US operator AT&T provided more detail on its planned 5G rollout, boosting the number of cities it aims to launch mobile services in this year to 12, with Ericsson, Nokia and Samsung as its kit suppliers.

AT&T has been working with Samsung on 5G trials including a fixed 5G pilot in South Bend, Indiana, but the operator’s latest statement is a significant fillip for the South Korean company. The US is a fertile hunting ground for the company because of the lack of competition from Huawei and ZTE, which are unable to play in the market. Samsung has already scored big 5G wins with AT&T’s rivals Sprint and Verizon.

The five new cities on the 5G roster for 2018 are Houston, Jacksonville, Louisville, New Orleans, and San Antonio. They join Atlanta, Charlotte, Dallas, Indianapolis, Oklahoma City, Raleigh, and Waco.

In early 2019, the 12 will be joined by Las Vegas, Los Angeles, Nashville, Orlando, San Diego, San Francisco, and San Jose: “From these 19 cities, we’ll continue to expand,” the company said in a statement.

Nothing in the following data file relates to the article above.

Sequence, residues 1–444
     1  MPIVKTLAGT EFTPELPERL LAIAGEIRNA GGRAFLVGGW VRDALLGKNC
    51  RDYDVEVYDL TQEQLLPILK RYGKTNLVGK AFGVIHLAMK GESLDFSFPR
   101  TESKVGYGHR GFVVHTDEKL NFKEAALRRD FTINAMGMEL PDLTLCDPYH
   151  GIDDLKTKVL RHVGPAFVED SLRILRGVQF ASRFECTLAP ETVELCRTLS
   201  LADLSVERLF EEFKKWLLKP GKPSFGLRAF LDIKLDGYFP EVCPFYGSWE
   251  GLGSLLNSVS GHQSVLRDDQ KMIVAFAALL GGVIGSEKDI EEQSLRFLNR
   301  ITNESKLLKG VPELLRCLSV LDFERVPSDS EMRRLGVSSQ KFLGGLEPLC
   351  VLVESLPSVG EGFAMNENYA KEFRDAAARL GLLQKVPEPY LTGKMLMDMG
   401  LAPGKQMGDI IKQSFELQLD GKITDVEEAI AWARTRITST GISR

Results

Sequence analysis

The move comes as AT&T said it had completed the world’s first 5G data transfer over mmWave spectrum using standards-based production equipment and mobile form factor devices: “not a lab, not pre-production hardware, not emulators, and fully compliant with global standards”.

The company used a Qualcomm smartphone form factor device and Ericsson radio equipment in its Waco deployment. Qualcomm and Ericsson previously highlighted their work together.

AT&T said in its trials it was “encouraged” by the performance of 5G using mmWave frequencies, stating the results were better than expected and the technology was “successful in delivering ultra-high wireless speeds under a variety of conditions”.

In addition to using mmWave technology in areas of dense traffic, AT&T is looking to complement this with mid-band and low-band spectrum where coverage is more of an issue. In the mid-band, AT&T is now set to deploy 5G technology in the CBRS band (3.5GHz to 3.7GHz), working with Samsung (radio and base stations) and CommScope (spectrum access system).

The operator plans to start by using LTE technology with CBRS frequencies before moving to 5G. This will primarily be used for home and enterprise broadband services.

AT&T is also working on 5G-enabled applications at its AT&T Foundry innovation centre in Plano, which will be joined by sites in Atlanta and Palo Alto.